JCF is helping cover the cost of installing a new roof for the toddlers’ outdoor play area at Little Hearts Preschool ($2,000).

News in Israel

  • Israeli Elections are today, Tuesday, April 9th. The Blue and White Party, led by Benny Gantz, Israeli general and former Chief of General Staff of the Israel Defense Forces (IDF), is running neck and neck with Benjamin “Bibi” Netanyahu’s Likud Party. Gantz recently said in an interview with the Times of Israel that the future of Israel as a democracy is at stake in this election. Prime Minister Netanyahu is being indicted with corruption charges by Israel’s Attorney General this year.

  • 37 Years Later, Missing IDF Soldier Zachary Baumel’s Remains Are Returned to Israel. Israeli intelligence officers searched for the remains of fallen tank commander Zachary Baumel, who went missing in the 1982 Battle of Sultan Yacoub against the Syrian army in Lebanon’s Bekaa Valley. With the help of Russian forces in Syria his body has now been located and returned. More.

  • Trump signs proclamation recognizing Israeli sovereignty over Golan Heights. “This was a long time in the making and it should have taken place many years ago,” Trump said before signing the proclamation. More.

  • Cable Car over Jerusalem? Currently, there are plans to build a controversial cable car from First Station over Mount Zion ending at the Dung Gate. More.

  • Surprise wet winter raises hopes and the water level of the Sea of Galilee. Lake Kinneret is now 316 centimeters below its maximum level, according to the Israel Water Authority. More.

  • Millions of butterflies flutter through Israel’s skies on Purim. Painted lady butterflies cover Israel's skies on their migration from the Arabian Peninsula to Europe. More.

  • Israel claims title of world’s largest salt cave from Iran. Malcham salt cave near Dead Sea finally measured at over 10 km, beating Iran’s 3N Cave; cavers downplay politics of find, saying this was an act of international cooperation. More.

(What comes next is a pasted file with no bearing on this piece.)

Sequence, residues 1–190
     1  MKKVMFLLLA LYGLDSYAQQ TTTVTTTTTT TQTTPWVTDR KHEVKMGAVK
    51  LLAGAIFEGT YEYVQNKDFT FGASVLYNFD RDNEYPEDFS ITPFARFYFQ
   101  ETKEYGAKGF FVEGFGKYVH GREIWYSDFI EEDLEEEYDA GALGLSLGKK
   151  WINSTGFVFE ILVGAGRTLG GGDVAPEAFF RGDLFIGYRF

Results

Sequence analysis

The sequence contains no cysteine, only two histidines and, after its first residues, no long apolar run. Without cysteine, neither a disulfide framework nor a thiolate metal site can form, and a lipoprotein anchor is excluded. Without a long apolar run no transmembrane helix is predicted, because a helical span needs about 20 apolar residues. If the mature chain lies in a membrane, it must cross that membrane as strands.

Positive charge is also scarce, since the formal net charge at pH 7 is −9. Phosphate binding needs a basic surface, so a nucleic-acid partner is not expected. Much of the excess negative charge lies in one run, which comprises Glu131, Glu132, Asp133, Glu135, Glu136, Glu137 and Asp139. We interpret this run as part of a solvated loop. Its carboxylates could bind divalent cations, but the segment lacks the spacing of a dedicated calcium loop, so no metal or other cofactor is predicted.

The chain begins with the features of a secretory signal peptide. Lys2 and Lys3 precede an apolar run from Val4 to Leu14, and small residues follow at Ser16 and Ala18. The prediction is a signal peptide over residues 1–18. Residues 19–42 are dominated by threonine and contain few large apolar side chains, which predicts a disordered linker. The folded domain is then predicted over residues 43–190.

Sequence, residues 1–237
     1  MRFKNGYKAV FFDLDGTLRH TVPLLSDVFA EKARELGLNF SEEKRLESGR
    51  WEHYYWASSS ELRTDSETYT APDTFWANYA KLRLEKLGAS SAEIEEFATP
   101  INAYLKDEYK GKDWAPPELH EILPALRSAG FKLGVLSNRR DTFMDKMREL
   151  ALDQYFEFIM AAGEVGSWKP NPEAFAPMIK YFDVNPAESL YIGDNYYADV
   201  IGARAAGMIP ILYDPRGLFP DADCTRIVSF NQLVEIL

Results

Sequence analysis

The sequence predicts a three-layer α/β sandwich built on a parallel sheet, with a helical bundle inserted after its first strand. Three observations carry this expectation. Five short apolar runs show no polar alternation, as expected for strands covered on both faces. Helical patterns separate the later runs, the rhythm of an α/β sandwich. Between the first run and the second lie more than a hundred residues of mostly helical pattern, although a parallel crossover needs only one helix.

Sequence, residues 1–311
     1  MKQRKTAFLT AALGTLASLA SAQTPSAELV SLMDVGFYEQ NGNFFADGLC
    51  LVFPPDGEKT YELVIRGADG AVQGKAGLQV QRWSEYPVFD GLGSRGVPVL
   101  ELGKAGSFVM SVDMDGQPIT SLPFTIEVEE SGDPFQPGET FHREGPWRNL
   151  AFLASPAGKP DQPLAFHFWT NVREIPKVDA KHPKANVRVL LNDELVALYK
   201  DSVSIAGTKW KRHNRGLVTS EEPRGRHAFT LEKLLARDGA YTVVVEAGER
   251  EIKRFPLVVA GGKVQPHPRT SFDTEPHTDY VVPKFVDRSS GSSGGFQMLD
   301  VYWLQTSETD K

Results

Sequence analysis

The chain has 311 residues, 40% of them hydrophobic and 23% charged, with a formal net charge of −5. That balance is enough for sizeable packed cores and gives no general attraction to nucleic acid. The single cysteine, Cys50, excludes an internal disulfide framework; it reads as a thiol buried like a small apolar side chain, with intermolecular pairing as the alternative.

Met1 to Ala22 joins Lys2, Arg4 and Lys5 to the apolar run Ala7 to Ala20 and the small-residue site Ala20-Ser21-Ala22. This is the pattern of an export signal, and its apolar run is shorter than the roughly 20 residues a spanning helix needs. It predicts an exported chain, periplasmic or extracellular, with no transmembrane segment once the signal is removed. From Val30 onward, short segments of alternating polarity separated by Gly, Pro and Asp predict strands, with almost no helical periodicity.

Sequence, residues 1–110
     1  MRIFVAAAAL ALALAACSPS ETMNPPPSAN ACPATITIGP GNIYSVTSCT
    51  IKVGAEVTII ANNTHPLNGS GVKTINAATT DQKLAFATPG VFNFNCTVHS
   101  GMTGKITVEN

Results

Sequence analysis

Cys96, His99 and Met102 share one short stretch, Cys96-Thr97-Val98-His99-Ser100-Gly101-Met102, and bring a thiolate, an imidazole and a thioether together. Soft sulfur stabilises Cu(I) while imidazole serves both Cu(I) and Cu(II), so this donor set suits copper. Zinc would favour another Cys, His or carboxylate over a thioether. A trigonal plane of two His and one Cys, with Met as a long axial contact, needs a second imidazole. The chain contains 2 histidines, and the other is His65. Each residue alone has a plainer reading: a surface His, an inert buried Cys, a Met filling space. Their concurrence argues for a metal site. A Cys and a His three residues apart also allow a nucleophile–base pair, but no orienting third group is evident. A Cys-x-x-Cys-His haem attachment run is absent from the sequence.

• Large Hasmonean-era agricultural village found under Jerusalem Arab neighborhood near Biblical Zoo. Archaeologists discovered an impressive burial estate, an olive press and many jar fragments, ritual baths, a water cistern, rock quarries, and a dovecote, all dating to circa 140 BCE–37 BCE. More.

  • Ancient Shiloh, the first home of the Tabernacle, grows in popularity with Evangelical tourists in the last decade. Last month, Prime Minister Benjamin Netanyahu visited Tel Shiloh with former Arkansas governor Mike Huckabee and settler leaders, calling it Israel’s “first capital.” More.

  • Historical Proof of King Josiah? A rare seal impression with the name Nathan-Melech from the 8th century BCE was recently found at Jerusalem’s City of David. In 2 Kings 23:11 Nathan-Melech is described as one of Josiah's officials that lived near the entrance to the temple, close to the courtyard where horses connected to idolatrous sun-worship were removed and their chariots burned by Josiah. More. See a video about the discovery, here.

  • 2,000-year-old image of 9-stem menorah found in rare Jewish site in Beersheba. More.

  • In Beit Shemesh, new highway collides with surprise biblical-era settlement. Just months prior to the planned construction of a massive expansion of the existing Route 38, archaeologists uncovered unprecedented evidence of a thriving First Temple (8th-6th century BCE) settlement in the Kingdom of Judah, thought to have been laid waste in 701 BCE. More.

  • Israel has the West's worst traffic jams. Transportation density in Israel averages 2,800 vehicles per kilometer of roads, 3.5 times the 800 vehicles per kilometer of roads average density in the OECD and almost double the average density of 1,300 vehicles per kilometer of roads in Spain, which has the second worst road density in the OECD after Israel. More.

Mary is pictured on the left and Larry on the right. Mary's cousins, Dean and Gretchen Samuelson, who were part of the group, are in between them.

Mary is pictured on the left and Larry on the right. Mary's cousins, Dean and Gretchen Samuelson, who were part of the group, are in between them.

JCF News: Larry and Mary Ehrlich Bring 20th Tour Group to Israel

Larry and Mary Ehrlich, JCF's U.S. Director and U.S. Administrator, led a JCF Study Tour to Israel this past month. Larry first visited Israel in 1964 when he was in college. After visiting Egypt, Syria, Lebanon, and Jordan, he entered Israel in 1964 through the Mandelbaum Gate of Jordanian-controlled Jerusalem. The Ehrlichs went to Israel together for the first time in 1982 joining the ICEJ Feast of Tabernacles. Since then, they have hosted about 20 Israel tours together, as well as other personal visits.